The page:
According to Britannica, Julius Caesar set up siege works to attack Alesia while simultaneously ordering his army to build a second defense wall preventing reinforcement attacks from other parts of Gaul. Soon, Caesar had Alesia in a vise. As starvation set in, Vercingetorix dispatched horses and troops to seek assistance from other parts of Gaul, but most got squashed by the Roman forces encircling the city. He also sent out the women and children, hoping the Romans would permit them safe passage. But Caesar's lines held fast, trapping and starving these non-combatants between the Roman and Gallic frontlines.

After one more attempt to break through Roman lines by Vercingetorix's cousin Vercassivellaunus (crazy names ran in the family) and additional troops, the Arverni king saw the writing on the wall, according to Book VII, passage LXXXVII of Caesar's memoirs. D.H. Lawrence described Vercingetorix's grandiose surrender to Caesar: "A chieftain in splendid glittering armour, with plumes waving from his helmet, bracelets of gold on his arms, his horse shining with silver and coloured cloths ... It was Vercingetorix yielding himself up to save his beleaguered men."

Vercingetorix faced prison and public execution

D.H. Lawrence's account describes Vercingetorix surrendering, and this version is backed by the ancient author Cassius Dio, per World History Encyclopedia. But a second account disseminated by Caesar claims the other Gallic chiefs in Vercingetorix's army betrayed him, turning him over to the Romans to save their necks.

Either way, Dio claims that observers within the Roman camp felt shocked by the presence of the imposing warrior who knelt in defeat before Caesar. The historian noted, "Many of those watching were filled with pity as they compared his present condition with his previous good fortune." After leading Vercingetorix away in chains, the Romans massacred the remaining defenders of Alesia, ensuring the Gallic world's complete submission.

Transported to Rome, Vercingetorix languished in the infamous Tullianum dungeon for six years (via Haaretz). This prison contained the highest value prisoners in the Roman Republic as they awaited presentation in triumphal processions. After that, most prisoners faced strangulation, execution, or starvation. And Vercingetorix would be no exception. The once-proud leader faced a humiliating march in the first of Caesar's four triumphs in 46 B.C. before public execution (via Britannica).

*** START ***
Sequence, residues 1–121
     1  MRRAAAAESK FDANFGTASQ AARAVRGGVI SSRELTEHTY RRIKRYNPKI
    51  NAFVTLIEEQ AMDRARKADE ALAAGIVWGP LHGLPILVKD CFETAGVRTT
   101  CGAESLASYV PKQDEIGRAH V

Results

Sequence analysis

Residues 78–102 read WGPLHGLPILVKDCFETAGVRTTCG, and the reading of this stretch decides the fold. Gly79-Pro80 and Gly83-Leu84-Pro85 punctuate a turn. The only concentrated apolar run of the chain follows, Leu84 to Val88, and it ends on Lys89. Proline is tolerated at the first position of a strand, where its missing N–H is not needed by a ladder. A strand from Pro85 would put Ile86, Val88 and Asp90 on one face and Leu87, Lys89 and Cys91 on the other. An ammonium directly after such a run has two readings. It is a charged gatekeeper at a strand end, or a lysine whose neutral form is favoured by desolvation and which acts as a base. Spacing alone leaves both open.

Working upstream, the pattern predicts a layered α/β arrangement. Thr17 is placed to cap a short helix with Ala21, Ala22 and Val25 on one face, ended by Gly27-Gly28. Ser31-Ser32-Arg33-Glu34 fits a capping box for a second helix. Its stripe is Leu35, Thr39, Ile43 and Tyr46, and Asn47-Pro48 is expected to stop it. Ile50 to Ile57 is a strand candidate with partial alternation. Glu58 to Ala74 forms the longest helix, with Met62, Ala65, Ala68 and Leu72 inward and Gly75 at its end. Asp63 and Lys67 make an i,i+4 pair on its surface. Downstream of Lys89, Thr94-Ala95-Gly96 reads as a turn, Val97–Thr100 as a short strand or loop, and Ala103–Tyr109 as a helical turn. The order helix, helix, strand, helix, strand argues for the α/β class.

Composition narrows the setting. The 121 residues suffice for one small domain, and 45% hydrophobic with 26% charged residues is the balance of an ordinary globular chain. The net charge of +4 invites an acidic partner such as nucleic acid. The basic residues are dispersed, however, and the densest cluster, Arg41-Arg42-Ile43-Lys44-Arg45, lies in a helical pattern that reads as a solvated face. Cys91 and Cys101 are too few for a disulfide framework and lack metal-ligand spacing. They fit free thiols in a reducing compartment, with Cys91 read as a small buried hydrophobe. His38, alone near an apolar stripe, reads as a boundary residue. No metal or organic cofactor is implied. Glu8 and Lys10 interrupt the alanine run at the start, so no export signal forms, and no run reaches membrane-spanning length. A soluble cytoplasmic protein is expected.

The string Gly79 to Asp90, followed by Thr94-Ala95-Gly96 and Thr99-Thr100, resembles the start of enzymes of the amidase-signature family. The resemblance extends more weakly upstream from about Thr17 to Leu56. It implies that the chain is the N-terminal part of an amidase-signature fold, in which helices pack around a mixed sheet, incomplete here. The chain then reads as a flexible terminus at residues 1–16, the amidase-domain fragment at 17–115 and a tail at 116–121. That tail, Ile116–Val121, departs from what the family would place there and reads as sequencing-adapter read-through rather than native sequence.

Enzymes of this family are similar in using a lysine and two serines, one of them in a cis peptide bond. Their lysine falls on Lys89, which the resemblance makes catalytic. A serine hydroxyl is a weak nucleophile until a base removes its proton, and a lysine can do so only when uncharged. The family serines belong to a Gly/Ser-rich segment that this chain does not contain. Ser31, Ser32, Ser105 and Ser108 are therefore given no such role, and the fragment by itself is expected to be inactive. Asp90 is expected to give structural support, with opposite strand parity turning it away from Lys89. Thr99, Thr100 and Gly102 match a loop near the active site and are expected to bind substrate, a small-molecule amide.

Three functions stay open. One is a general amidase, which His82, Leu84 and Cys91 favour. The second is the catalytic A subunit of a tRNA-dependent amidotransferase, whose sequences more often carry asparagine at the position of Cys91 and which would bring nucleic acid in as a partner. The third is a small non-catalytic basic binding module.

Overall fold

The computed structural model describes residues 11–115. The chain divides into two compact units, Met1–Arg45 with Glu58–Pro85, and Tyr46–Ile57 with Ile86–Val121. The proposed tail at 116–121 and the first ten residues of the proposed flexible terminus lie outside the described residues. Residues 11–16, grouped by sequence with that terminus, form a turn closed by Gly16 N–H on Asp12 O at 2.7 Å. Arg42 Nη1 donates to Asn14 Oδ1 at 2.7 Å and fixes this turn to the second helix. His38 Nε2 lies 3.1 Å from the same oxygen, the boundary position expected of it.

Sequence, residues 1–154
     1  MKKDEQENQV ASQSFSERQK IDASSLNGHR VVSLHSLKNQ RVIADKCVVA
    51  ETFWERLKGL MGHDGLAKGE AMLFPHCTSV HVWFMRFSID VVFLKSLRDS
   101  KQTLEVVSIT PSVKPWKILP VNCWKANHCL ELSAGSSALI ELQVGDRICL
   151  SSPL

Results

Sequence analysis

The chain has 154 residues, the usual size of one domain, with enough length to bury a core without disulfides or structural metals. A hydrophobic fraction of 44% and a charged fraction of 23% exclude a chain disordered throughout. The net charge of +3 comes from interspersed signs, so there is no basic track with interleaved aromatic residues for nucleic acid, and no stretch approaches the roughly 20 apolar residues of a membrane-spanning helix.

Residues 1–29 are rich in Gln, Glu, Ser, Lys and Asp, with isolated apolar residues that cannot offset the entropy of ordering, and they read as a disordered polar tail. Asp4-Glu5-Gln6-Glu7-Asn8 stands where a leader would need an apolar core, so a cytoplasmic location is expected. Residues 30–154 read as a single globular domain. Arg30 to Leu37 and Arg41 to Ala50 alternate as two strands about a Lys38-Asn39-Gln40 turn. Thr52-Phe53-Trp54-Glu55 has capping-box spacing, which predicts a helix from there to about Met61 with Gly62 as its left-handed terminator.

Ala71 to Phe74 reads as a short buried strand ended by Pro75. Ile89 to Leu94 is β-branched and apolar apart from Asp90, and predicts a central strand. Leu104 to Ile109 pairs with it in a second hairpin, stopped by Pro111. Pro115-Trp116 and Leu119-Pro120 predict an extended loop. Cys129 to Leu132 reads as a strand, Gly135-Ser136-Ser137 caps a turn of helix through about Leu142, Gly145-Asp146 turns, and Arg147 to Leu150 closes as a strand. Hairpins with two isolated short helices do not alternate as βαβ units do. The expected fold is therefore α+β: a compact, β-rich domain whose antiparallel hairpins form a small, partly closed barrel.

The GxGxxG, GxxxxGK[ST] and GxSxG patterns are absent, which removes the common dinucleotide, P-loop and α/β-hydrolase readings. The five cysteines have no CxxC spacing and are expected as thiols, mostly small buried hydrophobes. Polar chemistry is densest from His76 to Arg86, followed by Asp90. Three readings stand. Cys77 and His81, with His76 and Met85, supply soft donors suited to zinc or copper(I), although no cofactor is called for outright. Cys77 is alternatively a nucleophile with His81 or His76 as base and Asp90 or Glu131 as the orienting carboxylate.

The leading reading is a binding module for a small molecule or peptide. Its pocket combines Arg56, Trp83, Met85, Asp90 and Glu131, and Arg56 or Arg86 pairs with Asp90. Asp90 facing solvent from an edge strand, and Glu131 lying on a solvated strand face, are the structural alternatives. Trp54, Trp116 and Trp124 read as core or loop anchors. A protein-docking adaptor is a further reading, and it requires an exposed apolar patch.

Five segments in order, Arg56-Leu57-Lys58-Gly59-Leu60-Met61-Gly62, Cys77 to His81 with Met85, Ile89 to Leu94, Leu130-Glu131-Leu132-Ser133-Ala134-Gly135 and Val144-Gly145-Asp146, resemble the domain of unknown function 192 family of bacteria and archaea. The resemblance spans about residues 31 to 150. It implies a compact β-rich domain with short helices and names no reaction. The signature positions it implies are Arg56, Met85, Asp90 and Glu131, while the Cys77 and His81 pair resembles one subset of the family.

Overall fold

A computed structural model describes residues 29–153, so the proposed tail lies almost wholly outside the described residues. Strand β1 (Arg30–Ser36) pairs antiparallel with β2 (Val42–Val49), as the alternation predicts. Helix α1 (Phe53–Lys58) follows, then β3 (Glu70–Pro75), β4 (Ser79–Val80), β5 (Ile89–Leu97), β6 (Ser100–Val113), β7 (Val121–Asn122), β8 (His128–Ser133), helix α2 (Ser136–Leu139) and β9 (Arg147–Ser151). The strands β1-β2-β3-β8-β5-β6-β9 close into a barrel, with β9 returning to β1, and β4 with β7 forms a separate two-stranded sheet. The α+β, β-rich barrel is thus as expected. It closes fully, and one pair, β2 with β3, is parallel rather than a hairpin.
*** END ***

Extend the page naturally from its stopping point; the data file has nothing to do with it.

Much of what we know about Vercingetorix comes from the Romans

Apart from some coins bearing the likeness of Vercingetorix, most of what we know about this famed warrior comes from his arch-nemesis, Julius Caesar (via The Encyclopedia of Ancient History). Of course, the historical accuracy of Caesar's accounts of Vercingetorix prove dubious. As Cambridge points out, Gauls like Vercingetorix "have been made to speak as the conqueror wished them to speak. To think as the conqueror desired them to think, even sometimes to act as he would have had them act."

Although Caesar did give Vercingetorix some admirable qualities, he selected them strategically to puff up his own reputation. After all, to be great meant conquering great enemies. But Caesar also went to tactical lengths to paint Vercingetorix as brutal. For example, in Book VII, passages IV-V of his memoirs, Caesar recounts how Vercingetorix inspired an army to march with him. Instead of flowery speeches and appeals to freedom fighting, the Roman general claims Vercingetorix "collected an army by their punishments." He explains, "To the utmost vigilance he adds the utmost rigour of authority; and by the severity of his punishments brings over the wavering."

These punishments included having ears chopped off or eyes gouged out, rendering Vercingetorix more of a psychotic madman than a liberty-seeker. Unfortunately, Caesar's portrayal of the Gallic chieftain remains largely unchallenged because of a dearth of other historical sources. The picture we have of Vercingetorix today reeks of propaganda and incompleteness.

He remains France's first national hero

The ancient Romans wouldn't be the only group to appropriate the image of Vercingetorix for political reasons (via "Vercingetorix, Asterix and the Gauls: Gallic Symbols in French Politics and Culture"). France transformed the Gallic chief into the nation's first national hero, according to "'Our Ancestors the Gauls': Archaeology, Ethnic Nationalism, and the Manipulation of Celtic Identity in Modern Europe." Revising how the French viewed Vercingetorix began as early as the mid-19th century.